Bitcoin halving is a crucial event in the cryptocurrency’s history that reduces the number of Bitcoin in circulation by one half. In addition to reducing the inflation rate by the same amount, it also cuts the reward for mining Bitcoin in half. By reducing the supply of Bitcoins, it slows down the introduction of new ones into circulation. In what way does Bitcoin halving matter? When will Bitcoin’s next halving occur? In the event that Bitcoin halves again, what do cryptocurrency experts expect?
Bitcoin Halving: What Is It?
In order to understand Bitcoin halving, it is important to understand that miners receive Bitcoin in a Bitcoin wallet for each transaction they verify. With halving, miners receive half of what they would have received previously for each verified transaction. When Bitcoin was mined for the first time in 2009, miners received 50 BTC.
A pre-set schedule calls for halving every four years. It is estimated that this process will continue until roughly 2140, when all 21 million coins will have been mined. Since Satoshi Nakamoto mined the first million Bitcoins in 2009, 90% of Bitcoin’s total supply has been mined. The number of new Bitcoins created between now and 2140 will be less than 2 million.
Bitcoin Halving: A Brief History
It is easier to mine Bitcoin today than it was in 2009 if we examine the history of Bitcoin halving. Four years after Bitcoin was mined for the first time, the reward for mining dropped to just 25 BTC in 2012. Miners received just 12.5 BTC per coin in 2016. The rewards dropped to 6.25 BTC in 2020.
For a while, this scarcity makes BTC more valuable. However, the price of BTC does not exist in a vacuum, and it is affected by the overall economic climate, the stock market, consumer demand for BTC, and consumer confidence. If the market experiences a crypto winter prior to the next halving event, it will be interesting to see how it affects BTC prices.
Does Bitcoin benefit from halving?
Generally, the answer to the question, ”Is halving good for Bitcoin?” is a resounding “yes”. It may be harder for miners to acquire Bitcoin after a halving event, but this scarcity often makes their existing Bitcoins more valuable.
From its historic low just prior to the halving event, Bitcoin’s price rose by 40% and increased by 85% in 2020. As a result of the Coronavirus pandemic and an economic downturn, this event was clouded by economic fears. For statistical data in 2020, a footnote will always be required.
However, Bitcoin’s price also rose after the halving events in November 2012 and July 2016. There has historically been a brief sell-off after this deflationary event, which normally precedes the start of Bitcoin’s most dramatic bull runs. There was a 10,000% increase in BTC between 2012 and 2014. A roughly 2,500% increase occurred between mid-2016 and the end of 2017.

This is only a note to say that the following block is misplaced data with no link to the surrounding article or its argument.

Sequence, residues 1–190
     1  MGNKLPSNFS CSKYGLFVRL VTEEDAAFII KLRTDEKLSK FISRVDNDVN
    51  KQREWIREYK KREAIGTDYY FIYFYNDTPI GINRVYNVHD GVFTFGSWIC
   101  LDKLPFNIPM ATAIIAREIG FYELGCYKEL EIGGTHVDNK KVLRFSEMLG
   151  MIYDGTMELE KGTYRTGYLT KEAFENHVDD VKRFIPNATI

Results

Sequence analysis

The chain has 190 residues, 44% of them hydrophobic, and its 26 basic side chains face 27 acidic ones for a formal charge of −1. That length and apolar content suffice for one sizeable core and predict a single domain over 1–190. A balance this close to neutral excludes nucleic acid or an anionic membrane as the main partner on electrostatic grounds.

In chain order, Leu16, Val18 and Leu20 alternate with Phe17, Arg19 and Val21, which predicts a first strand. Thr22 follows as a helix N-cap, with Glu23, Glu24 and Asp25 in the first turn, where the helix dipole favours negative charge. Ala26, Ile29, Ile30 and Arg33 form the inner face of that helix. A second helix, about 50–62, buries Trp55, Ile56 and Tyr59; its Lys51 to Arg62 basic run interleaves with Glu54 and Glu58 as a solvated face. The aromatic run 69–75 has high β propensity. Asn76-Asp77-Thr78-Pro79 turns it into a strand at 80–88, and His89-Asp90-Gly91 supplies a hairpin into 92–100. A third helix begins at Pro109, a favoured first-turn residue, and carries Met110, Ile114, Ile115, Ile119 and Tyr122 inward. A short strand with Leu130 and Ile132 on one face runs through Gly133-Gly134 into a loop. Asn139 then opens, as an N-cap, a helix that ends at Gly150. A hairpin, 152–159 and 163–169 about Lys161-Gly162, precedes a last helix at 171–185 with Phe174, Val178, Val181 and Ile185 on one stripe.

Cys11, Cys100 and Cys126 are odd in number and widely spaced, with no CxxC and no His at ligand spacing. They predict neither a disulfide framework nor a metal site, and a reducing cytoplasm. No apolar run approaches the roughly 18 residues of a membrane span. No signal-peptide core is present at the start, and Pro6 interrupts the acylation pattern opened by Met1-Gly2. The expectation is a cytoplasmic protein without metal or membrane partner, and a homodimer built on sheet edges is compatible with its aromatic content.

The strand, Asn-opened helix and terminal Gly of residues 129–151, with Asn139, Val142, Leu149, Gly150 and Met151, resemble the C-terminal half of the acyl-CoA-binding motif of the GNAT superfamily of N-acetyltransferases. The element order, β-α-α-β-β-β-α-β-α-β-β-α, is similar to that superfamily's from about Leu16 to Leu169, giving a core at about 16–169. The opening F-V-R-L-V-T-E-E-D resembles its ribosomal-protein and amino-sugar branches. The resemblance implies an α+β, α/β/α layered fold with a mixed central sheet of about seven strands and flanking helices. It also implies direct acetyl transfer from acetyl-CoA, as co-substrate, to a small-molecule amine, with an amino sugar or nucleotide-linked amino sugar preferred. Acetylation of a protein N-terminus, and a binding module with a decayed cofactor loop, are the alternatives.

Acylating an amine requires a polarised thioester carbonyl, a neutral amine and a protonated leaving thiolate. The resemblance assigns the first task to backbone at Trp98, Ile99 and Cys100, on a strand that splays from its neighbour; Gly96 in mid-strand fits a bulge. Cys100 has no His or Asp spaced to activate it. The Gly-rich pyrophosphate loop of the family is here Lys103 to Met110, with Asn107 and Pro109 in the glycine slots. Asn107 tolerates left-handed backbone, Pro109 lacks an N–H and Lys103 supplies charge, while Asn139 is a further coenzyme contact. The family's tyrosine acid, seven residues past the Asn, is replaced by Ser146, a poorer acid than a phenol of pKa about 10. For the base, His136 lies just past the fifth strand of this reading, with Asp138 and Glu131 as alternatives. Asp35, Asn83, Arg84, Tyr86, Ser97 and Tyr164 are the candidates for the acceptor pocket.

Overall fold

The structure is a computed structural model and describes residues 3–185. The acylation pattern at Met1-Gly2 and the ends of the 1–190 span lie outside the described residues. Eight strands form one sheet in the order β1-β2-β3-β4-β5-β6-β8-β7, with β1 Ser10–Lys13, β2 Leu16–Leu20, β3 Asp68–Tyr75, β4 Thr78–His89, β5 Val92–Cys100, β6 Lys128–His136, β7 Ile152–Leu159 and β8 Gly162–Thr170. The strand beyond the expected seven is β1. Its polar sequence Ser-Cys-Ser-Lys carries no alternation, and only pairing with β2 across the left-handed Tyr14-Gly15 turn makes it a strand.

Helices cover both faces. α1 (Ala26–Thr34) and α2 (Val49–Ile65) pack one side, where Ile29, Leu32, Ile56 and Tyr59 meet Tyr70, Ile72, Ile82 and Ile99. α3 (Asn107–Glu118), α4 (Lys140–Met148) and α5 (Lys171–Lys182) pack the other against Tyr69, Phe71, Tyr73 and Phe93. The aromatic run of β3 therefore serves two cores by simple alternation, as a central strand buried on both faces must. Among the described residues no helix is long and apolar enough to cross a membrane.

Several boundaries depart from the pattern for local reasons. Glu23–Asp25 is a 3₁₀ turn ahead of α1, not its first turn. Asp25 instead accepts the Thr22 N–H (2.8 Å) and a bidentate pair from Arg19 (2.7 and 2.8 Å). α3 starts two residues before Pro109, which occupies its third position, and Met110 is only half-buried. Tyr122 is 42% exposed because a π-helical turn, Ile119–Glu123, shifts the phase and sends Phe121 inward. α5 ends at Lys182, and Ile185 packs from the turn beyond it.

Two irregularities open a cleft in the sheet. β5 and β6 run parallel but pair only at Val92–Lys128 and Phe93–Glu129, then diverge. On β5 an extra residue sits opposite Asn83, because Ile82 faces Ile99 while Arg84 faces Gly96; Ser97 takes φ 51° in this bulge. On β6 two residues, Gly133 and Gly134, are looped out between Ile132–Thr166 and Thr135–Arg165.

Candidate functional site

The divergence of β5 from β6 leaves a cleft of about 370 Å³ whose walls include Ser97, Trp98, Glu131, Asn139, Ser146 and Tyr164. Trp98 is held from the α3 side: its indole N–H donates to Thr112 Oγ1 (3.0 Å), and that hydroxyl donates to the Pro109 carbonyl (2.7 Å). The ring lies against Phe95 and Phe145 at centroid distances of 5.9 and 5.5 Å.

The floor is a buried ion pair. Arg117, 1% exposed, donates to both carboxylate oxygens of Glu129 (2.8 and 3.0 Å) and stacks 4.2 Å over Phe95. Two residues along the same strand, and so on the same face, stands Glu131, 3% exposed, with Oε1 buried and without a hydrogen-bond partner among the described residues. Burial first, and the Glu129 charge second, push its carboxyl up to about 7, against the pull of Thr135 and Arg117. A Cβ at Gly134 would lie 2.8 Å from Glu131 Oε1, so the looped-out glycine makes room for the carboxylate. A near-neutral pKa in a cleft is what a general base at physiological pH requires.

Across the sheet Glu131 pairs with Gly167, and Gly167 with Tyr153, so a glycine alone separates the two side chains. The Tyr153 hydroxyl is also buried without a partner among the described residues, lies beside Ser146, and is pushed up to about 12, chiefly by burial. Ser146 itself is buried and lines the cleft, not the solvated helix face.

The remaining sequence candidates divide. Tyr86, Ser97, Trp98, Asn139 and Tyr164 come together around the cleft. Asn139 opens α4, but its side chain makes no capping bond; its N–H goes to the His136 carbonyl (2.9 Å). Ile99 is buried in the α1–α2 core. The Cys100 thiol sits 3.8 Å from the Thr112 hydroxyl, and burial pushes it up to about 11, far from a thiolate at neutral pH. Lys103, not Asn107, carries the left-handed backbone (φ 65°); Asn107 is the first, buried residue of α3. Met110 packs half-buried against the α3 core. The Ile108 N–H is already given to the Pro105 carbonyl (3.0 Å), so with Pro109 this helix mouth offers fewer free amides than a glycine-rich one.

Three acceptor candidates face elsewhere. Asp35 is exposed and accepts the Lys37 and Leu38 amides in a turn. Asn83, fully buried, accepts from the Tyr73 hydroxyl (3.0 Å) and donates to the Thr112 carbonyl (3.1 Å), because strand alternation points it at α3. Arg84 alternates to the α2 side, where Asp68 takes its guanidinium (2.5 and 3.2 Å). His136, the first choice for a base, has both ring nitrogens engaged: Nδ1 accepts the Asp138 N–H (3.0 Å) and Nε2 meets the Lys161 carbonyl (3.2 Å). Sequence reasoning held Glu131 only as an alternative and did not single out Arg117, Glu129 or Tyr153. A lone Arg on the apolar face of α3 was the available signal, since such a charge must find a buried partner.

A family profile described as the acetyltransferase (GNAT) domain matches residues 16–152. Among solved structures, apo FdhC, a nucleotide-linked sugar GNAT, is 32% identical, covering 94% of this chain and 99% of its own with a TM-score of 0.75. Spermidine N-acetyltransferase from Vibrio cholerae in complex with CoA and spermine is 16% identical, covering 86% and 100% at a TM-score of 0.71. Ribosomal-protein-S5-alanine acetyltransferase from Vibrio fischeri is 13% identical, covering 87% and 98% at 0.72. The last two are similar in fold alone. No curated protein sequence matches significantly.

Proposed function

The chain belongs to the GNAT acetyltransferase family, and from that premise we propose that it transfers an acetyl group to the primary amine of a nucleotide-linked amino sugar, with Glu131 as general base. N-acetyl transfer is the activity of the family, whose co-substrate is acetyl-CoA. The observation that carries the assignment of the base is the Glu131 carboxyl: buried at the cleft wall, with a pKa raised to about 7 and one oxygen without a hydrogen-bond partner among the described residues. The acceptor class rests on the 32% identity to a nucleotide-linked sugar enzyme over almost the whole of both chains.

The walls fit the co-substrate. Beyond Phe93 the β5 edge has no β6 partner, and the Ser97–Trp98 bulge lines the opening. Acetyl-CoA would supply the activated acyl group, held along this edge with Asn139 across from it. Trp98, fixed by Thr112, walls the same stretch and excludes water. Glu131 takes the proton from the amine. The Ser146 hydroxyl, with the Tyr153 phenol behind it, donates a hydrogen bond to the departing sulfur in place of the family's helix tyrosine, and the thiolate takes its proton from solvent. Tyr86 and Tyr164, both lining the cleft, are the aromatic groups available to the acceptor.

The story of Bitcoin’s halving and increase in value is more complicated than you think
Bitcoin’s value usually rises over time following a halving event, according to experts. Investors often sell off their BTC holdings as their BTC value rises to cash in on profits. Prior to a bull run, a halving event often triggers a sell-off, which drives prices down. In spite of other economic factors, this occurred in 2012 and 2016, as well as in 2020. According to some experts, halvings are already “priced in” to Bitcoin’s value, which means a halving event and a Bitcoin price increase may not be directly linked.
The founder of Binance, Changpeng Zhao, told Reuters reporters, “Historic events don’t necessarily indicate what will happen in the future.” Zhao had commented in 2020 that miners might be less willing to sell off their existing crypto investments because it will cost them almost double to produce Bitcoin. He noted that there is a psychological aspect to each halving event.
Bitcoin’s value, however, increased by 533% by May 2021. As a matter of fact, the most recent halving event exceeded investors’ wildest expectations. Over $68,000 was the all-time high for the crypto in November 2021.
What Will Happen when Bitcoin Halves in 2024?
Miners will receive just 3.125 BTC for every block mined after the next halving event in 2024. According to experts, 450 coins will be released every day after the May 2024 halving event if the daily average number of blocks mined remains constant.
The market value of Bitcoin tends to influence those of other cryptocurrencies as well. There is a good chance that this halving event will help end the crypto winter and kick off another bull run for all cryptocurrencies. Prior to the May 2020 halving event, the last crypto winter lasted until roughly December 2020.
As a result of people investing in crypto before the halving event, crypto’s bear run may have been ended. A halving event also prevented the cryptocurrency market from experiencing a bear market in Spring 2020, which was caused by the pandemic.
It depends on a variety of economic factors how Bitcoin, specifically, and the cryptocurrency market, in general, will react to the next halving event. Heider College of Business professor Robert Johnson told Forbes that “I don’t expect crypto to come roaring back as it did in 2021 because Federal Reserve monetary policy has actually become a headwind for the asset class.”
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